National Dice Day 2020 is on Friday, December 4, 2020: NATIONAL DAYS! again!?
Friday, December 4, 2020 is National Dice Day 2020. Daily Tech Roundup — Happy National Dice Day! 4, marks National Dice Day in
Again!?! I wish I could hug my cat, but she died a while ago. :( Hole in my bucket? Let me go check... Daddy actually does dinner a lot here. And lemon bisque? Ummm... totally random.
I like your sentience, very clever.
I'm not as excited as I was on the last national holday day, but I like this one. lol
Poll: Depends on my mood, but probably school. That was a hard one.
Did you know that Genocide Memorial Day is this Sunday? What are you doing?
Holocaust Memorial Day (UK) ~From Wikipedia, the free encyclopedia (UK)
Holocaust Memorial Day (27 January) is a national event in the United Kingdom dedicated to the remembrance of the victims of The Holocaust. It was first held in January 2001, and has been on 27 January every year since. The chosen date is the anniversary of the liberation of Auschwitz concentration camp by the Soviet Union in 1945.
Commemoration of the Holocaust in the United Kingdom and other countries
Every year since 2001, there has been an annual national memorial to the victims of the Holocaust. The main national memorial was hosted in:
London (2001) — Theme: Remembering Genocides: Lessons for the Future
Manchester (2002) — Theme: Britain and the Holocaust
Edinburgh (2003) — Theme: Children and the Holocaust
Belfast (2004) — Theme: From the Holocaust to Rwanda: lessons learned, lessons still to learn
London (2005) — Theme: Survivors, Liberation and Rebuilding Lives, for the sixtieth anniversary of the liberation of Auschwitz
Cardiff (2006) — Theme: One Person CAN Make a Difference
Newcastle (2007) — Theme: The Dignity Of Difference
Liverpool (2008) — Theme: Imagine...Remember, Reflect, React
Coventry (2009) — Theme: Stand up to Hatred
In 2010 the Annual National Commemoration will return to London. The theme will be "The Legacy of Hope".
In addition to the national event, there are numerous smaller memorial events around the country organised by local government, community groups and religious organisations.
Since 1996, 27 January has officially been Gedenktag für die Opfer des Nationalsozialismus (Anniversary for the Victims of National Socialism) in Germany. Italy and Poland have adopted similar memorial days.
On 10 June 1999, Andrew Dismore MP asked Prime Minister Tony Blair about the creation of memorial day for the Holocaust. In reply, Tony Blair also referred to the ethnic cleansing that was being witnessed in the Kosovo War at that time and said:
"I am determined to ensure that the horrendous crimes against humanity committed during the Holocaust are never forgotten. The ethnic cleansing and killing that has taken place in Europe in recent weeks are a stark example of the need for vigilance."
A consultation took place during October of that year. On 27 January 2000, representatives from forty-four governments around the world met in Stockholm to discuss Holocaust education, remembrance and research. At the conclusion of the forum, the delegates unanimously signed a declaration. This declaration forms the basis of the Statement of Commitment (see below) adopted for Holocaust Memorial Day.
In 2004, the United Nations voted to commemorate the Holocaust atrocity, with 149 out of 191 votes in favour.
United Nations statement of commitment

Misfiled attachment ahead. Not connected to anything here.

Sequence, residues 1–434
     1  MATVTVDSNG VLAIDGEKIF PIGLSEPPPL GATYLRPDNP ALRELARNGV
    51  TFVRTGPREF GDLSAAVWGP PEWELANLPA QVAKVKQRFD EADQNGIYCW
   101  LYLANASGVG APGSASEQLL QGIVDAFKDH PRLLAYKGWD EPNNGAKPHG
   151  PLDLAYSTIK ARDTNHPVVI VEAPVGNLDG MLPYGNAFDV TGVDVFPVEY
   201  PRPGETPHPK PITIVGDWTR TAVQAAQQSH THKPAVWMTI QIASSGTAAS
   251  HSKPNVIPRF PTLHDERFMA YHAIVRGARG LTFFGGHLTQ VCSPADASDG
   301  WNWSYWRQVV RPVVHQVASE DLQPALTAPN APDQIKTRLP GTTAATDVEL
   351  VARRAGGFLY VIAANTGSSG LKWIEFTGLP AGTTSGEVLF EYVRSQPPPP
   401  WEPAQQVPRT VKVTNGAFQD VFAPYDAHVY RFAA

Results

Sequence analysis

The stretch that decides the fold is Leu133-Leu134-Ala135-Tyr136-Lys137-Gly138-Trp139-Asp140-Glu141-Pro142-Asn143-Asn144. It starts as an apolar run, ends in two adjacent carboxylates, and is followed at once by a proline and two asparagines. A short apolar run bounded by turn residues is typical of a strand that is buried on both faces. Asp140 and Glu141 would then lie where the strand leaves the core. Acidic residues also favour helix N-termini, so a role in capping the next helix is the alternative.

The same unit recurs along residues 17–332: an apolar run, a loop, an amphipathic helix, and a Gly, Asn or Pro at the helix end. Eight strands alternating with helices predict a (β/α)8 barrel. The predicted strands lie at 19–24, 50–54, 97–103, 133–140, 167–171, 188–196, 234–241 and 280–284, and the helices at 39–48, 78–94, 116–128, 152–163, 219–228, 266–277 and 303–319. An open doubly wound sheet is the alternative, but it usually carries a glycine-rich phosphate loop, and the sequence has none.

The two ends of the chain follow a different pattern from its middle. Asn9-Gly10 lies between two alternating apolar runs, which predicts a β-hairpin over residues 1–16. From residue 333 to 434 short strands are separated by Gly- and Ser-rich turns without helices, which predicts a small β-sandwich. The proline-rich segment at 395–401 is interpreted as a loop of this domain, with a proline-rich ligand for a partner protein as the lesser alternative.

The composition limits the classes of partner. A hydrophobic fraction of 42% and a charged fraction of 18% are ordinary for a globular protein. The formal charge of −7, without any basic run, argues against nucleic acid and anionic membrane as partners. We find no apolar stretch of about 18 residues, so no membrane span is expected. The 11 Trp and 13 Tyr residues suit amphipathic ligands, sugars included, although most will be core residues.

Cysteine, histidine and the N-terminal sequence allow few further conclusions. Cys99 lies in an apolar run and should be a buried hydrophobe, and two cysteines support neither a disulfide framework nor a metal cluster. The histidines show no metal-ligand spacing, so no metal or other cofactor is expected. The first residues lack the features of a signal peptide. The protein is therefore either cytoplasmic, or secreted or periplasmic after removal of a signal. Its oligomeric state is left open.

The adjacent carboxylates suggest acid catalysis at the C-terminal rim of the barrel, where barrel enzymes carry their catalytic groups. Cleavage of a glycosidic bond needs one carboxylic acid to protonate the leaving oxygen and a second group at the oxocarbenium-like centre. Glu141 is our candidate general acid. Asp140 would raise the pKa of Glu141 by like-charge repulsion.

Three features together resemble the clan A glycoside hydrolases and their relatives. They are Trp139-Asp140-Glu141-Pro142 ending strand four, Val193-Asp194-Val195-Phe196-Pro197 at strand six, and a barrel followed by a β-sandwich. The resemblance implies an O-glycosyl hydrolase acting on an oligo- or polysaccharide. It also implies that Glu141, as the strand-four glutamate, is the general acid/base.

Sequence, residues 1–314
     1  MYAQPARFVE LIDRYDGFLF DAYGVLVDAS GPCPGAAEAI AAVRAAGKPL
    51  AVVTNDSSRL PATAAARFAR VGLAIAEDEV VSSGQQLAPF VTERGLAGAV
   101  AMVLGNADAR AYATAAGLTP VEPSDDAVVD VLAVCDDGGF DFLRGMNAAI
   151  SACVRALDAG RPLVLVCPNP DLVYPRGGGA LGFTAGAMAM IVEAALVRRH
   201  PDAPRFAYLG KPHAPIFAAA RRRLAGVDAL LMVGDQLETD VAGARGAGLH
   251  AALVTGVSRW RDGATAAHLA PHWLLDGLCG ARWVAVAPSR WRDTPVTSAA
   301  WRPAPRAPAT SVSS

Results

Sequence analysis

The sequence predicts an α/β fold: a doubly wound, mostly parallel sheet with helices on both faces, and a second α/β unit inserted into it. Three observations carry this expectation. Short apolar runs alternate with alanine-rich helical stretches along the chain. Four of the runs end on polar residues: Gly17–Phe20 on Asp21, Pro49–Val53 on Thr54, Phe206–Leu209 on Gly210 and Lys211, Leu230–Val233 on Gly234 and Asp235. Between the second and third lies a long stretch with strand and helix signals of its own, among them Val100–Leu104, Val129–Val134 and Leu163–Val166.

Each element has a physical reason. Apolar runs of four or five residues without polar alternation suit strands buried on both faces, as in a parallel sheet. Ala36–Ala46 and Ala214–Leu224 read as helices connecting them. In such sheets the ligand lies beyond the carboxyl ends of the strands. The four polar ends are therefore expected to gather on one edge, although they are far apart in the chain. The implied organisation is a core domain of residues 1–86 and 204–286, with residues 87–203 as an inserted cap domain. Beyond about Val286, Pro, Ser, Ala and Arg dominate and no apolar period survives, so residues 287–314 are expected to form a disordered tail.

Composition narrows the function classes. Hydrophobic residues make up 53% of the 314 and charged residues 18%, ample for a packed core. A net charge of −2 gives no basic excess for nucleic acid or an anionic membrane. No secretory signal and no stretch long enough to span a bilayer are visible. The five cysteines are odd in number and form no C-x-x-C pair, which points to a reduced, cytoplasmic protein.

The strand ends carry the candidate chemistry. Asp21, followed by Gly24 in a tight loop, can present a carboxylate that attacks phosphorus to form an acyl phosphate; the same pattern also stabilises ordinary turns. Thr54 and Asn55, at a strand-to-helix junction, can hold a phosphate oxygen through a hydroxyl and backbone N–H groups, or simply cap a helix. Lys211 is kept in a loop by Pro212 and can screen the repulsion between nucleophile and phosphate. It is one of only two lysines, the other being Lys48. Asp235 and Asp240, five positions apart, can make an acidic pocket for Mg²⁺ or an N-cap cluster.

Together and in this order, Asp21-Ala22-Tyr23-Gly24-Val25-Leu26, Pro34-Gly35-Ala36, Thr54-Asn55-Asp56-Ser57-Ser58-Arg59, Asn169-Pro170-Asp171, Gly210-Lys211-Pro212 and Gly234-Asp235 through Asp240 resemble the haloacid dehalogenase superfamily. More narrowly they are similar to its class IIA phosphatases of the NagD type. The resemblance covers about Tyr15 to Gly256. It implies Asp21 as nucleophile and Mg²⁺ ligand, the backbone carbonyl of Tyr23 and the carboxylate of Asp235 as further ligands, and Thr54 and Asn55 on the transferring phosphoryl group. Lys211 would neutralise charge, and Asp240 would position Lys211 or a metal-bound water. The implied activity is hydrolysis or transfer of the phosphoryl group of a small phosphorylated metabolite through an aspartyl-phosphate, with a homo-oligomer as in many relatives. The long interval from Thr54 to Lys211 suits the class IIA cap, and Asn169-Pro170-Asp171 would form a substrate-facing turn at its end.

1) We recognise that the Holocaust shook the foundations of modern civilisation. Its unprecedented character and horror will always hold universal meaning.
2) We believe the Holocaust must have a permanent place in our nation's collective memory. We honour the survivors still with us, and reaffirm our shared goals of mutual understanding and justice.
3) We must make sure that future generations understand the causes of the Holocaust and reflect upon its consequences. We vow to remember the victims of Nazi persecution and of all genocide.
4) We value the sacrifices of those who have risked their lives to protect or rescue victims, as a touchstone of the human capacity for good in the face of evil.
5) We recognise that humanity is still scarred by the belief that race, religion, disability or sexuality make some people's lives worth less than others'. Genocide, antisemitism, racism, xenophobia and discrimination still continue. We have a shared responsibility to fight these evils.
6) We pledge to strengthen our efforts to promote education and research about the Holocaust and other genocide. We will do our utmost to make sure that the lessons of such events are fully learnt.
7) We will continue to encourage Holocaust remembrance by holding an annual Holocaust Memorial Day. We condemn the evils of prejudice, discrimination and racism. We value a free, tolerant, and democratic society.
Criticism ... Well, it's in there
National History Day Project?
Freda is good. A little skimpy on her influence on history (with an 'H'), maybe? (Not sure if your teachers want " The siege of Carthage" or "George Washington, or will go for lesser-known people/things).
How about the New York Armory Show of 1913, which was a cultural watershed, and a point of time where everything changed at once, not simply art and design.
Or Diogenes of Sinope, a Greek philosopher (died 323). The founder of Cynicism, he led a wild and interesting antic life.
Joan of Arc. Sitting Bull. Archimedes-- so amazingly and wildly inventive. Ovid, Rome's great poet, exiled by the pompous Caesar Augustus. Caravaggio-- a wicked and genius painter, great story. Voltaire (18thc)-- he changed the way the world thought, and echoes on in modern times.
I like the idea of picking a non-big-wig, like George Washington, etc. You'll get more out of it and it won't be dull.